Lindbergh is also helping other women seek pinball glory. Belles & Chimes’ Phoenix chapter, which Lindbergh launched in 2017, currently has more than 25 members — and they’re a diverse bunch. Teens, millennials, Gen-Xers, middle-aged women, and even retirees participate in the club.
“We have a wide variety of women that come out to play pinball with us,” Lindbergh says. And they’re learning the finer points of the game while doing so.
“A big part of Belles & Chimes is helping you play and learning what the rules are and how to become a better player,” she says. No one has to worry about being embarrassed by poor performance. “It’s a really encouraging environment while getting you used to the competitive nature of tournament play,” she adds.
Phoenix Mirrors a National Trend
Pinball has been experiencing a major resurgence in popularity, and not just in cultural hubs like L.A., New York City, or Portland, Oregon. Pinball fever has spread to the Valley in recent years, and signs of the outbreak are everywhere. Participation in local pinball leagues and tournaments has increased severalfold. Owners of local arcades and game bars tell Phoenix New Times they’ve seen a major spike in pinball participants.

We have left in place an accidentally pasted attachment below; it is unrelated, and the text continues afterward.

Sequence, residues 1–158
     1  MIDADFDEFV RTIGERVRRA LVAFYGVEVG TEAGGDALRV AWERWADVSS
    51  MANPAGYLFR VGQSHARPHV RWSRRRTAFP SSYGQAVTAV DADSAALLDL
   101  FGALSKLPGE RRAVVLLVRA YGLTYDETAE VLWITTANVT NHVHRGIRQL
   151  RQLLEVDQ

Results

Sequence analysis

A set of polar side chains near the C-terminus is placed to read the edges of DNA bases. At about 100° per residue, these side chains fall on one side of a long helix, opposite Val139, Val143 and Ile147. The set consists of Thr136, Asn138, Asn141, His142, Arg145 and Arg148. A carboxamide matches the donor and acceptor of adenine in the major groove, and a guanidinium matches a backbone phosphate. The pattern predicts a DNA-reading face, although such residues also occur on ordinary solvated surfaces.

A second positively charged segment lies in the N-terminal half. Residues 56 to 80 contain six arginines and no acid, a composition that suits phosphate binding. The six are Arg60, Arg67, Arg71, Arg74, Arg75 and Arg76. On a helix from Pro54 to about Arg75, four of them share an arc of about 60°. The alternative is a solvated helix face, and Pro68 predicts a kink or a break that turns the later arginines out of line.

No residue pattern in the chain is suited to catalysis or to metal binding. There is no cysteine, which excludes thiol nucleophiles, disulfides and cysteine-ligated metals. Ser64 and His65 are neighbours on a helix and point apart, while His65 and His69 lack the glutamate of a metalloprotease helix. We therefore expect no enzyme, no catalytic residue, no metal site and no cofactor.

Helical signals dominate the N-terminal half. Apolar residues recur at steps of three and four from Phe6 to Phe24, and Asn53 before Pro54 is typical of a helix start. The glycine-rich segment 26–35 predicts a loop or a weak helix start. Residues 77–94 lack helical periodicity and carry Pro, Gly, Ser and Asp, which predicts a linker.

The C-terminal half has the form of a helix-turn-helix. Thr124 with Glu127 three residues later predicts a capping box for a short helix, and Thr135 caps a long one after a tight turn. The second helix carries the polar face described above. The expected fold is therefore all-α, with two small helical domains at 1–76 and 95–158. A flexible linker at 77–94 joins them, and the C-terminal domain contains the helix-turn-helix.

Hundreds of people flock to StarFighters, the retro-themed Mesa arcade, every weekend to play pinball, for instance. According to co-owners Steve Thomas and Mike Lovato, the turnout has increased steadily since they first opened in 2014, and there’s been a larger number of people playing their 45 machines. As a matter of act, he credits pinball with helping fuel StarFighters’ popularity.
“Right now, pinball’s pretty hot. It’s palpable. When people come in, they’re coming in to play pinball. Our pins are normally very busy for the entire [time] we’re open,” Lovato says. “The rising popularity of pinball has really helped us with our growth. If pinball had not come back [into style], I don’t necessarily know that we would see the turnout we’ve been seeing, because it adds a whole other element to the arcade.”